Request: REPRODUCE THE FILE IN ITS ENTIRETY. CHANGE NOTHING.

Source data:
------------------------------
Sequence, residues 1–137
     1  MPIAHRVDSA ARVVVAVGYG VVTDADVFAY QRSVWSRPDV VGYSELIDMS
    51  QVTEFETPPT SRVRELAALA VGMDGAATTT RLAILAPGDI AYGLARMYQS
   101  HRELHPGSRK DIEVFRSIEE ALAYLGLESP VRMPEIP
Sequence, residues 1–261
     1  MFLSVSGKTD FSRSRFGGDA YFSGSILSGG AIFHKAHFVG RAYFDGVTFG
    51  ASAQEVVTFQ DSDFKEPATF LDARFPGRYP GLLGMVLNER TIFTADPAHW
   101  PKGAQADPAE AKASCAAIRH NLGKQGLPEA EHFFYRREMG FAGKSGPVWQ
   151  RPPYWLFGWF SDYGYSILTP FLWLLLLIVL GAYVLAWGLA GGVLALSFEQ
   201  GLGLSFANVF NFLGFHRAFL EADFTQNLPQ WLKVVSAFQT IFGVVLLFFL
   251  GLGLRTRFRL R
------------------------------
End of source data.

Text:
Sequence, residues 1–137
     1  MPIAHRVDSA ARVVVAVGYG VVTDADVFAY QRSVWSRPDV VGYSELIDMS
    51  QVTEFETPPT SRVRELAALA VGMDGAATTT RLAILAPGDI AYGLARMYQS
   101  HRELHPGSRK DIEVFRSIEE ALAYLGLESP VRMPEIP
Sequence, residues 1–261
     1  MFLSVSGKTD FSRSRFGGDA YFSGSILSGG AIFHKAHFVG RAYFDGVTFG
    51  ASAQEVVTFQ DSDFKEPATF LDARFPGRYP GLLGMVLNER TIFTADPAHW
   101  PKGAQADPAE AKASCAAIRH NLGKQGLPEA EHFFYRREMG FAGKSGPVWQ
   151  RPPYWLFGWF SDYGYSILTP FLWLLLLIVL GAYVLAWGLA GGVLALSFEQ
   201  GLGLSFANVF NFLGFHRAFL EADFTQNLPQ WLKVVSAFQT IFGVVLLFFL
   251  GLGLRTRFRL R